Leiedal Intermunicipal AssociationCircular economy
RE/SOURCED Renewable Energy SOlutions for URban communities based on Circular Economy policies and Dc backbones
“Bloomberg and the International Renewable Energy Agency have calculated that by 2030 2 million old batteries will have been removed from electric vehicles and that 8 million tons of PV panels will have been discarded as waste. The Transfo district wants to demonstrate that things can be done differently.”
Belgian policies are giving small-scale and individual renewable energy installations an important role in the energy transition. However, these installations are not the most energy-efficient nor cost-efficient from a societal point of view. Midscale, shared renewable energy technologies should improve energy efficiency and make the energy transition cheaper.
Sharing is a common strategy in the context of energy communities. Other circular strategies, however, like product life extension through reuse, refurbishment and repurposing, reduction through efficient use or even circular supplies, are still less common in the field of renewable energy production, storage and distribution. This expanding sector also needs circular thinking to cap the increasing demand for raw materials such as steel, copper, cobalt, aluminium and lithium.
- Leiedal Intermunicipal Association and 1 municipality: Zwevegem municipality;
- 1 university: Ghent University;
- 1 regional public authority: Province of West Flanders;
- 2 business support organisations: Flux50, REScoop.eu;
- 1 research organisation: Flemish Institute for Technological Research (VITO).
The aim of RE/SOURCED is to design and demonstrate a circular midscale and self-sufficient energy system in an urban environment. The project is implemented on a vast and multifunctional heritage site called ‘Transfo’, consisting of (social) family housing, offices, a microbrewery, event spaces and leisure and sporting facilities.
The backbone of the system is a DC (direct current) power grid, linking a collective set of distributed renewable resources (PV and wind) and energy storage (second-life batteries, vehicle-to-grid and pumped and flywheel storage in existing structures).
The DC power grid offers efficiencies both in terms of energy savings (less power waste because of fewer conversions from DC to AC) and material use (up to 33% more capacity with the same amount of metals). Sharing of production and storage capacities, deployed at distributed locations, brings significant capacity savings, both in terms of required materials and cost. The recycling opportunities of PV and retrofitting and refurbishment of wind turbines are, front and foremost, criteria in the circular procurement procedures.
A renewable energy co-operative, in which all site users have a share, will manage the infrastructure and co-operation. Sharing energy production and storage facilities enables the community to obtain the same level of self-sufficiency with far fewer materials and also enables local balancing through demand-side management.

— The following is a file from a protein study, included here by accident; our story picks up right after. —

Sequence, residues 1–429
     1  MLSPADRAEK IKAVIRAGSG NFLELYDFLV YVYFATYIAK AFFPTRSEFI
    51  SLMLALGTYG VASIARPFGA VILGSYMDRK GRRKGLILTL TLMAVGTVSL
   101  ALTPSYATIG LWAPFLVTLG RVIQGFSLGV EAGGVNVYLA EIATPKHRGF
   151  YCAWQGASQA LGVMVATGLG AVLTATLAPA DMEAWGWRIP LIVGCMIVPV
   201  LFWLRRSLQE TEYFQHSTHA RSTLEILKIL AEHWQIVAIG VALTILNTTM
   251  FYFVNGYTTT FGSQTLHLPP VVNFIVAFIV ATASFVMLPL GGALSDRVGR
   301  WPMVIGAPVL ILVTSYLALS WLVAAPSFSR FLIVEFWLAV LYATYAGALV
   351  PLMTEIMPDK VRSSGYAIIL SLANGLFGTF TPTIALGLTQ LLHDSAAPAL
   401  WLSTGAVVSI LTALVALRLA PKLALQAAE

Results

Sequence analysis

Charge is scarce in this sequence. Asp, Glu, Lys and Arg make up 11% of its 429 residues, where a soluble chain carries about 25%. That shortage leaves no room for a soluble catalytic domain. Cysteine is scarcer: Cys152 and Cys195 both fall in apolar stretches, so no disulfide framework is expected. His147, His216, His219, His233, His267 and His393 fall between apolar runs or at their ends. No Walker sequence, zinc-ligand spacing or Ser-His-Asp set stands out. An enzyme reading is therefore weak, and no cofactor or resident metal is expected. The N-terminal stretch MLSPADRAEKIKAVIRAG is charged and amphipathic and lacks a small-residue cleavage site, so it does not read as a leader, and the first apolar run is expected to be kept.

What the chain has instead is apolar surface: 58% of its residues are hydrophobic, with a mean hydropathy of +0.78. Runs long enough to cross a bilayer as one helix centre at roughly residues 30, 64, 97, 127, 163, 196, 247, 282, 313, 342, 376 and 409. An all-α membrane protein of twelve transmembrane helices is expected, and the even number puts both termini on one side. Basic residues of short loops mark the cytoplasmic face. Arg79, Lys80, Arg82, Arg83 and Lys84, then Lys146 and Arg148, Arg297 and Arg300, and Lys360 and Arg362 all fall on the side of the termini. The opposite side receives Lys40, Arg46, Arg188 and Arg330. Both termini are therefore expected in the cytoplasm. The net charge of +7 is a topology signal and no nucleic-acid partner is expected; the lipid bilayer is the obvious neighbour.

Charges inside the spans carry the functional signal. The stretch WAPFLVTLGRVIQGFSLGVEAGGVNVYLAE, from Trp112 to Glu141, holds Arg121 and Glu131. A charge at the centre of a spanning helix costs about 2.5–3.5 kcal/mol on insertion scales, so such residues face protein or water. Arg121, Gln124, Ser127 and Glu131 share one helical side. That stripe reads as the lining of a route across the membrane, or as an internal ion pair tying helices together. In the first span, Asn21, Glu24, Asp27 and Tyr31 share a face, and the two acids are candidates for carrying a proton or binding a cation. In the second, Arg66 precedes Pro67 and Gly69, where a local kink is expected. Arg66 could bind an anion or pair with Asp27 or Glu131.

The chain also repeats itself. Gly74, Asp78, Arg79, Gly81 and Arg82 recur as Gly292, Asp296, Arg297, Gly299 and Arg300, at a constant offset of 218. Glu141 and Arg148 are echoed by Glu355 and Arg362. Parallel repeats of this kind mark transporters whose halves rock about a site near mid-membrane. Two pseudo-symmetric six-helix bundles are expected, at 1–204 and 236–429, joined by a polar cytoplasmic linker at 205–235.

Citizens, schools and professionals will be invited to experience the advantages of the DC circular smart grid, raising awareness throughout civil society. A training package for professionals will enable other cities to adopt integrated circular energy systems.
The main expected results of RE/SOURCED are:
- An increased share of renewable energy through community-shared solutions.
- Downscaled and rationalised renewable energy production and storage facilities, providing identical services for its users.
- A reduced need for raw materials and higher adoption of certified circular products in (shared) renewable energy systems.
- Enriched insights on the part of consumers and citizens into the benefits of (shared) renewable energy systems and awareness of available technologies.
- More renewable energy professionals willing to introduce circular economy policies in renewable energy projects.
- June 2021: delivering the blueprint for a circular smart grid through the application of circular design principles. The blueprint includes the system layout and contains aspects of material reuse, recovery and recyclability, energy efficiency, energy resources, governance and shared economy.
- June 2021: delivering the blueprint for an energy co-operative. The blueprint is the basis for the roll-out and is used by participants, stakeholders and future service providers.
- December 2021: signing of the notarial deed that establishes the energy co-operative. The co-operative guarantees continuity after the project’s life cycle.
- December 2022: booting up the circular smart grid lighthouse demonstrator. The circular smart grid is operational. It uses a DC backbone to connect midscale renewable energy production, different energy storage systems and a docking station for new technologies. The system layout and its components comply with the circular design standards. Based on smart meter data, supply and demand are matched. Exchange with the upper grid is minimised.
- December 2022: opening the educational trajectory. The project site welcomes children and citizens. It explains the possibilities of circular and shared renewable energy systems. Key features are a set of points of interest (installations to envision and reveal) and learning packages.
- March 2023: delivering a training package for professionals. The package contains guidelines and recommendations on resource efficiency, energy communities, energy system design and management of complex heritage sites. It will be made available online through webinars.